As I mentioned in Part 1, the personal benefits of cooking are significant. Learning how to cook benefits you by allowing you to learn to manage your time and financials more efficiently, and further declares your independence through your newfound self-sustainability. However, there are also many mutual benefits of cooking for those around you that I hope will convince all food lovers to take up this simple hobby.
Perhaps, cooking for yourself is a coming of age/maturity ceremony in and of itself. I can’t forget how I felt the first time I cooked my own meal for myself. Back then it was very simple – scrambled eggs, with a bit of salt and pepper and some milk tea.
But along with the simple dish (admittedly, a bit burnt and over-seasoned) was a sensation of pride, knowing that I had opened my eyes to a new world of innovation and excitement with a hobby that rewards you with something you can eat right after. The first time I made fries meant broadened the choices of what I could make from a simple stir-fry rice, to grilled fish and chips. I don’t own a fryer, so making my own fries was a significant achievement to me. After the fries, I went for a classic hamburger and fries, topped with bacon, guacamole, and caramelized onions, stuffed with cheese – accompanied by a generous serving of crispy fries (yet soft on the inside!), and a hearty bowl of clam chowder (okay fine, that was canned). It took me hours of prep and cooking time, but it was so worth it. As I finally sat down in front of my computer to watch the latest episode of Kitchen Nightmares while I ate, I remember staring down at my creation and reward of some hard work.
I did this. I made this.
Till now I still haven’t perfected (to my taste) the burger. I apologize and dedicate this post to my friends who I’ve enticed over to my kitchen to try my latest monstrosity, to which some may have ended in stomach aches or food comas.
I’m still trying with different ingredients and cooking methods, but that’s where half the fun is – there’s always room for innovation and invention in the food world!
- Cooking for Others
It’s absolutely satisfying to stare at your self-cooked meal and enjoy the reward of your hard work. However, it’s also supremely satisfying to cook meals for others. Ego aside, it gives me a reason to have people over, or to just hang-out and chill. It gives me a reason to have social gatherings once in a while to catch up with old friends, that doesn’t require a karaoke lounge, or a movie, or some expensive drinks and dinner at the closest 居酒屋 (izakaya; basically an informal Japanese gastropub).
Not only does it give me the same sensation of adventure and satisfaction as it does when cooking for myself, but to get to cook for others’ enjoyment and bring happiness and nutrition to them is possibly one of the most satisfying things yet. I’m always trying to learn new things to cook and get my friends to try it. It’s not about the food – it’s about the food bringing the people together.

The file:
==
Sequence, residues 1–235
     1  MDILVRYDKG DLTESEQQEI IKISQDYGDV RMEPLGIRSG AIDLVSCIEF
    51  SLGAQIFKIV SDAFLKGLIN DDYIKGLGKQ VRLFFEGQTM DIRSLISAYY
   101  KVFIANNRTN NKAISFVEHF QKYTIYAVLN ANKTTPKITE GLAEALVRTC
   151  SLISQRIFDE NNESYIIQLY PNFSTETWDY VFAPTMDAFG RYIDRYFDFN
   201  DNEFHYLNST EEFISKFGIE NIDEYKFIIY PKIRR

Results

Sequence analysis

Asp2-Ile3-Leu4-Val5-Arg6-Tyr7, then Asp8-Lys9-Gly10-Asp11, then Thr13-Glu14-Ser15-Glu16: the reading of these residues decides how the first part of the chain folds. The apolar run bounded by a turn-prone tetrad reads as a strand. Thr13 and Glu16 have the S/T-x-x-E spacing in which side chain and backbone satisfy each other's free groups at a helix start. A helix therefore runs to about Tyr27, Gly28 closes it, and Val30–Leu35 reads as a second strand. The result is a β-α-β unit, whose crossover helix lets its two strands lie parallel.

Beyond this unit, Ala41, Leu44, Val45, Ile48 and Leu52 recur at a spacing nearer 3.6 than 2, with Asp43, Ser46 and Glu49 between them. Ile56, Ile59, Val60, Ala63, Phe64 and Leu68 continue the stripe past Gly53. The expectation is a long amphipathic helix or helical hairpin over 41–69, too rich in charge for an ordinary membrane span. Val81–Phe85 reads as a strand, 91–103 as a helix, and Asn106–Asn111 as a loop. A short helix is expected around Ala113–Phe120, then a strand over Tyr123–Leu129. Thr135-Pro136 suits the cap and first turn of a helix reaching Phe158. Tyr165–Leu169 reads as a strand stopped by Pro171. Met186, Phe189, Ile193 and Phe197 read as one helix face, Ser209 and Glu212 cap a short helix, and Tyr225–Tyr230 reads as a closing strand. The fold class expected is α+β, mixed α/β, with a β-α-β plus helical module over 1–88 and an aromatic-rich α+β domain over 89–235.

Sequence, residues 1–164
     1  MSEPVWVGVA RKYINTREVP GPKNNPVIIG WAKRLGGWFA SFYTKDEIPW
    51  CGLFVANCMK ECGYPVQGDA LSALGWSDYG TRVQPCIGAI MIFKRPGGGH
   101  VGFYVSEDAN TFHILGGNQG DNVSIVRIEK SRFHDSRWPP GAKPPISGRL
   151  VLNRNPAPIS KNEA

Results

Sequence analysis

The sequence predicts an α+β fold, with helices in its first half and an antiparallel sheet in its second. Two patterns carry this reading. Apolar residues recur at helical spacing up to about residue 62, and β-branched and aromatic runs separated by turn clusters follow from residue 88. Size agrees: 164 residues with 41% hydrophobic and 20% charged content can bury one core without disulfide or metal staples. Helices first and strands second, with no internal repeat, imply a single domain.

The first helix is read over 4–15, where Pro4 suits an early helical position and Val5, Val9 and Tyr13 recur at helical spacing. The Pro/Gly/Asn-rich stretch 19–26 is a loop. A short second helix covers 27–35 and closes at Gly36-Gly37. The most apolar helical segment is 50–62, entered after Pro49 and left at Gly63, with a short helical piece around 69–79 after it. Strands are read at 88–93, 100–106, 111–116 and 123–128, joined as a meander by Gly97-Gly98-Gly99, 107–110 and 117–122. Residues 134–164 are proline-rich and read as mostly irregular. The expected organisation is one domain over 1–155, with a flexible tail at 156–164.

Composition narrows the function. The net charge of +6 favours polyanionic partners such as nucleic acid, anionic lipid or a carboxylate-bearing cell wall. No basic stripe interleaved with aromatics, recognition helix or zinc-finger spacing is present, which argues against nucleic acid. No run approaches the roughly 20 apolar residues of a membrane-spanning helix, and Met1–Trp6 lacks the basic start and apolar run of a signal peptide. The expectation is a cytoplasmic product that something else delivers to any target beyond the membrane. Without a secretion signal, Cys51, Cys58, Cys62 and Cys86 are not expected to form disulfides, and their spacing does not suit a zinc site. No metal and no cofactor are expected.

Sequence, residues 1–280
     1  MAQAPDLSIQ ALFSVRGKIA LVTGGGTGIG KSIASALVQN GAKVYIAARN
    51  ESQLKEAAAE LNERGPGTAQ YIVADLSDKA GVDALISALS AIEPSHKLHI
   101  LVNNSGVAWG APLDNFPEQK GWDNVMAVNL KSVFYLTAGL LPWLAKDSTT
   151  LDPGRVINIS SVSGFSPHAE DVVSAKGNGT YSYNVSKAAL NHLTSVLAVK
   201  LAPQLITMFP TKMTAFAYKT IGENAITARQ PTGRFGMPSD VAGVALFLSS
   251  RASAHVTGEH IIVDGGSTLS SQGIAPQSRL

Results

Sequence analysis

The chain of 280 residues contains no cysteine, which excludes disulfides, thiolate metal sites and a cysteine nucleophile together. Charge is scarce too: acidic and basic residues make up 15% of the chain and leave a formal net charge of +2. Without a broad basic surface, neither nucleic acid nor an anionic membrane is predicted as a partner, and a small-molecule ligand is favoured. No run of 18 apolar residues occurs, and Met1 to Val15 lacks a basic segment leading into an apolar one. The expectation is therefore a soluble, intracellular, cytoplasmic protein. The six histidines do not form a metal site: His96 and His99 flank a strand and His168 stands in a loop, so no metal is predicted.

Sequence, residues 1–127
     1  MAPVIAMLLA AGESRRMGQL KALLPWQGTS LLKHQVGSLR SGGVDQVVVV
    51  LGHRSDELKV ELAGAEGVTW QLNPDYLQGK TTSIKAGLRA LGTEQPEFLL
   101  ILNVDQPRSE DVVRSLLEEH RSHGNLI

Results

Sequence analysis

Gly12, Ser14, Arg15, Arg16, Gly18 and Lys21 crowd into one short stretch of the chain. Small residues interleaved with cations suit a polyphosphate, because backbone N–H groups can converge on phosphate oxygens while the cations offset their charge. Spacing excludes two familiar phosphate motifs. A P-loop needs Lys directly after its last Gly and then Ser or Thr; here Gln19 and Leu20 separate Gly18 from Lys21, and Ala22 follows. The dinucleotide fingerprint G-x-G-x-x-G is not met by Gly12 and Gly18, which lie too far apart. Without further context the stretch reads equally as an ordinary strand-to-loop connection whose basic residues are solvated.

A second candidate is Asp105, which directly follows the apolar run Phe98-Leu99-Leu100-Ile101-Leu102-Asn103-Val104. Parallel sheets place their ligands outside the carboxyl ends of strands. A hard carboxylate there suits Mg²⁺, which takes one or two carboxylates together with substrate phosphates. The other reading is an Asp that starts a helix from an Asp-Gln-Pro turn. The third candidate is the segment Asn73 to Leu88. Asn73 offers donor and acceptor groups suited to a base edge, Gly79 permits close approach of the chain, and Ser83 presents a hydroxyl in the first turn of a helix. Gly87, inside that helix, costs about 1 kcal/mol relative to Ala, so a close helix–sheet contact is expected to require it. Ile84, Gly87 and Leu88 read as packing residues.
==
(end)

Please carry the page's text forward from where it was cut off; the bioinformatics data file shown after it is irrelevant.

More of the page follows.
Yet, there’s also another aspect to consider. Consider the gluten-intolerant, vegetarian, vegan, lactose-intolerant, etcetera, friend; or those with allergies to certain foods, or certain ailments. Whether it is foods you should avoid, or seek out, cooking food specifically for these friends is far from a hassle, but it’s my way of showing care and appreciation to them. Everyone needs a little consideration or appreciation, and this is just one way I can attempt to display that.
When it comes to healthy eating, calorie counting, or anything of the like, self-cooking is perhaps the paramount skill you could equip yourself with. No matter what or the reasons behind any dietary restrictions you may have, or have imposed upon yourself, cooking allows you to know exactly what you eat and if you so choose, your calorie intake. Instead of the typical fast food, or calorie-filled Caesar salad dressing that came with your ‘healthy’ salad, where you’re left happily munching on a glob of tasty junk food with tears streaming down your face as you know just how much you shouldn’t be eating this, you could be creating just as, if not more delicious, meal.
Choosing to omit the dressing, or choosing a healthier ingredient to make your food that wouldn’t be available to you otherwise at your local fast food restaurant, is a simple step you can take to eat healthier.
Let’s get away from the dependence on others, be it family, friends, restaurants, etcetera to make our own sustenance. There are many cheap and delicious, satisfying yet healthy, but more importantly, simple and non-time consuming ways to cook, and if those aren’t good enough reasons to learn – how many other hobbies reward you with food upon completion?